Market Review Third Quarter, 2013
Third Quarter(% Change in Cdn$)
Cdn 91 day T-Bills
U.S. 91 day T-Bills
Cdn 10 year Bond
U.S. 10 year Bond
Commodities (in US$)
Portfolio Management Strategy
– European Stocks
– Forest Products Stocks
– Mining Stocks
– Real Estate Investment Trusts
– Preferred Shares
Don’t Sell In May and Go Away – NL
Stock markets around the world continued their upward march during the third quarter and this time, Canadian stocks were invited to the party. While their gains remain modest so far this year, Canadian stocks, as measured by the TSX Composite Index, are finally in positive territory. This is in marked contrast, though, to stocks in most other major markets, which are up double digit percentages year-to-date when measured in Canadian dollars. As we noted in last quarter’s Commentary, lackluster commodity markets are almost entirely to blame, although the Federal Government’s attempted interference in Canada’s wireless telecommunications industry hasn’t exactly helped either. During the quarter, commodities did experience some nice gains although it remains to be seen if their strength has any legs. Not exactly ones to just sit back and watch, we have been quite proactive in repositioning our portfolios over the last couple of years to where we now have, in many cases, more of our equity investments outside of Canada than inside Canada, a situation I have never before experienced in my 38 years in the investment industry. It is a trend we expect to continue for the foreseeable future.
Fears of rising interest rates led to poor performance again from interest sensitive stocks such as pipelines, utilities and real estate investment trusts (REITs). These are all stocks that are greatly affected by their yields and investors reset their prices lower to reflect current yield expectations. Also greatly affected were preferred shares and, to a lesser extent, bonds. Preferred shares trade like long-term bonds, so it is understandable that they were once again weak, as long-term interest rates continued to climb for much of the quarter. The DEX Universe Bond index, however, actually rose during the quarter, by 0.11%, as slightly lower short and mid-term interest rates more than made up for higher long-term rates. Our longest maturity, broadly-owned bond, is less than 6 years in length so our bond portfolios are fairly well protected from rising long-term interest rates. As dividend yields on preferred shares are significantly higher than yields on bonds and are taxed at a much lower rate, we have been more reluctant to part with them than we have with our bonds.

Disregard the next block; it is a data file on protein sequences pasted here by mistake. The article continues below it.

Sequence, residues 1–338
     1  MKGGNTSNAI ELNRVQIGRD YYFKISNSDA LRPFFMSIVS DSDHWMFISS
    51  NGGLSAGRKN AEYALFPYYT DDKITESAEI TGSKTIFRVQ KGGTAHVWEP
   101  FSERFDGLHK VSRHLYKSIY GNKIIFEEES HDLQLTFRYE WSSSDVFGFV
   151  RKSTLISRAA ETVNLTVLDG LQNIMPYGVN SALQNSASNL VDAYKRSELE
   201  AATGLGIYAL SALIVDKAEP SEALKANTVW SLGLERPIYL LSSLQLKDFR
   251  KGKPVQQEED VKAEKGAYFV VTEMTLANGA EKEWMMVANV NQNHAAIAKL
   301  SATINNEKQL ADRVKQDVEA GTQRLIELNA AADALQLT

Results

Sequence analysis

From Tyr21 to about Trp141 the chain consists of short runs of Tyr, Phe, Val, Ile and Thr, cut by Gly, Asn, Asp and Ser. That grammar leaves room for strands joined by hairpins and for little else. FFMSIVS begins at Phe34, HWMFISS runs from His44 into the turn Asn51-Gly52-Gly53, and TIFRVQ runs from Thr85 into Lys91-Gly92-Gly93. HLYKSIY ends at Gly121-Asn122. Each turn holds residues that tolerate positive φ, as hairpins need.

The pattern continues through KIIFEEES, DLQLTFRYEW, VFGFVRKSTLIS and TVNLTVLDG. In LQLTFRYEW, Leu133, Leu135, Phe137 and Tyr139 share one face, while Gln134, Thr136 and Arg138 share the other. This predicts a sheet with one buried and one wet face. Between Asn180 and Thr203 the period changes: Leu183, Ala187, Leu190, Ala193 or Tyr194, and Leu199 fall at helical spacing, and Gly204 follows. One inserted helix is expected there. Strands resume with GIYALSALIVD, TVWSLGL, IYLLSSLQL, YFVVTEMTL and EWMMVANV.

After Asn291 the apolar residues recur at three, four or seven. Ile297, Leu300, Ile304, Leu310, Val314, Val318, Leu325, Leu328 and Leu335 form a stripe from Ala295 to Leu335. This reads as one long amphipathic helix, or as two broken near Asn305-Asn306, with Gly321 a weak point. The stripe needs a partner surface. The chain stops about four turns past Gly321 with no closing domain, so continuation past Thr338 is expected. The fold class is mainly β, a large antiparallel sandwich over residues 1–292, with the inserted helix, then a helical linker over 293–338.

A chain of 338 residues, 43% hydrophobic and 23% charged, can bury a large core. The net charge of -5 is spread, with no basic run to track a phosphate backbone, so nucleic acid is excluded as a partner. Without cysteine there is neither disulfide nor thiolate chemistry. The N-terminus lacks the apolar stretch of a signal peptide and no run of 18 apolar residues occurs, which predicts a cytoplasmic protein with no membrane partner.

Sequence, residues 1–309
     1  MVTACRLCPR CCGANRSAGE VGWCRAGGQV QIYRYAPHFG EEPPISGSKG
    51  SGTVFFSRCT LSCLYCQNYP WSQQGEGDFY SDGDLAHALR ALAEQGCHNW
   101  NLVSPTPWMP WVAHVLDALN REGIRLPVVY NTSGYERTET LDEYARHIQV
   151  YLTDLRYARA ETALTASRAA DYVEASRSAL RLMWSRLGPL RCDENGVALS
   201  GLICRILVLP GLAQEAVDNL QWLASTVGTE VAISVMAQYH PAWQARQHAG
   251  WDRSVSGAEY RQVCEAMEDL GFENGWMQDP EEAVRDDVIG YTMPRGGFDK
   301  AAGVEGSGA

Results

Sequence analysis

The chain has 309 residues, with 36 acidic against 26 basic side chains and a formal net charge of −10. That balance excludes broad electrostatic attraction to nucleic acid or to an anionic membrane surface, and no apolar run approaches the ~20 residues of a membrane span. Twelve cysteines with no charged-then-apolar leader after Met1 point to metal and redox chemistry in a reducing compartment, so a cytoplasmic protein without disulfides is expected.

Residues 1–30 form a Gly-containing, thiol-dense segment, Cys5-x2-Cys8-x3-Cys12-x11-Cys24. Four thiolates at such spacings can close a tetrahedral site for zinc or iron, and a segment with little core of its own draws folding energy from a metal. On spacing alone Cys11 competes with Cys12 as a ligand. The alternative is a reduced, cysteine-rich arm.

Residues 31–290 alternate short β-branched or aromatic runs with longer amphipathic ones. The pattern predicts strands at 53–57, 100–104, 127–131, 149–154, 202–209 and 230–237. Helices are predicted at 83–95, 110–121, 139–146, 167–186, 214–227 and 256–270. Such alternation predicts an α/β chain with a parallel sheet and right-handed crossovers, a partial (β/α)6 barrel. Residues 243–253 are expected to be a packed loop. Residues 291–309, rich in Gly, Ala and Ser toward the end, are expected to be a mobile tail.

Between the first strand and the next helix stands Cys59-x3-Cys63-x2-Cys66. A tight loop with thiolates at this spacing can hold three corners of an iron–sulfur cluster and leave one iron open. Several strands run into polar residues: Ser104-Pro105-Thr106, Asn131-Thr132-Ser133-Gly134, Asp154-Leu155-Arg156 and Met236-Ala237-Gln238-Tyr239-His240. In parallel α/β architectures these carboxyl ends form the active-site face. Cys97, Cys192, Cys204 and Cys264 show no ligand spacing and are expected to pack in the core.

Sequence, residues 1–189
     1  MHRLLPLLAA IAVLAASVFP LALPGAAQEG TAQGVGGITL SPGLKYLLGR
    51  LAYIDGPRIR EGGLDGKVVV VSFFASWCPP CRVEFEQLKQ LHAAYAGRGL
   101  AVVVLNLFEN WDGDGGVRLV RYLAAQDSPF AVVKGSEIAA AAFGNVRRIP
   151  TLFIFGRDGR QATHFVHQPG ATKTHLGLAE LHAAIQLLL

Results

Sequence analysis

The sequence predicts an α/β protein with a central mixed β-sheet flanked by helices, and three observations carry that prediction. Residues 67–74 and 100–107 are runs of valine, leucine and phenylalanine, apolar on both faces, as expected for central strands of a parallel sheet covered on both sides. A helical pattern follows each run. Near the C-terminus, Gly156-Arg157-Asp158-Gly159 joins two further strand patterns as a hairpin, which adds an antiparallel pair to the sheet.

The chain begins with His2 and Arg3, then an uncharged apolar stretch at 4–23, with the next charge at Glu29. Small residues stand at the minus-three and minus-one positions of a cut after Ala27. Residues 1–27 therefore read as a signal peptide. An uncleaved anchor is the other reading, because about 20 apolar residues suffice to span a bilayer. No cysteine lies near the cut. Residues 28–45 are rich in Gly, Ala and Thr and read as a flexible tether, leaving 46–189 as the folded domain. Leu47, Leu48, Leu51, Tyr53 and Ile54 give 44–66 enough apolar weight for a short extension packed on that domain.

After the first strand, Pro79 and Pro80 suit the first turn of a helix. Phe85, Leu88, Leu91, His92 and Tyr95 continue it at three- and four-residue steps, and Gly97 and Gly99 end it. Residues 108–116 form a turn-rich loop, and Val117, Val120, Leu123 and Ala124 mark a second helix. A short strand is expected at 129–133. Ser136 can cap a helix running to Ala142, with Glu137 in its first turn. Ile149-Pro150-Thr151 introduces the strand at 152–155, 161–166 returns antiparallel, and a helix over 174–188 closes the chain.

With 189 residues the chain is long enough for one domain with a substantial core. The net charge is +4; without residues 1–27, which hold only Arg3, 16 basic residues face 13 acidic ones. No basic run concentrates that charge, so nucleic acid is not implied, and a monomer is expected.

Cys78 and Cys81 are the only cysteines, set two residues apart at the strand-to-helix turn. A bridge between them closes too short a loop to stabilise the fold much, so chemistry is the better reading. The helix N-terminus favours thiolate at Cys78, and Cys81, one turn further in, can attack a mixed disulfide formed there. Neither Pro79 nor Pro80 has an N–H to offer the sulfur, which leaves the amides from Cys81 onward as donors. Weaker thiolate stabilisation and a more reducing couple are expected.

Fear of the Federal Reserve (The Fed) beginning to taper (the trendy word in our world these days) their purchase of bonds caused interest rates to shoot up near the end of June, and 10-year U.S. Treasuries actually touched 3% in early September. FYI, taper refers to the Fed easing up slowly on its bond purchases, rather than stopping cold turkey. Since then, they have eased (2.65% at time of writing) as tapering seems to be off the table for now and investors have switched their concerns to the U.S. budget standoff and the fear (at time of writing) of the U.S. defaulting on its debt. We won’t opine on either of these topics but will say that while we think interest rates are ultimately going to continue to trend higher, we believe they have seen their highs for a while and think that the damage done to the above-noted interest sensitive stocks is probably overdone, for now.
“Sell in May and go away” is an oft sighted term used by market timers. It implies that investors should sell some or all of their stocks at the beginning of May and repurchase them at a later date, usually after the end of October. This trading adage is based on studies that show stock markets tend to have higher returns from October to May than they do from May to October. While that is generally true over a period of many, many years, it is also true that most years that adage does not work. As Don Vialoux pointed out in a Globe and Mail article earlier this year, markets gained in far more years in the May to October period than they lost. However, the magnitude of losses in bad years were larger than the gains in good years, hence the quoted data. One need only think of the market crashes in October of 1929 and 1987 to see where the skewing comes from.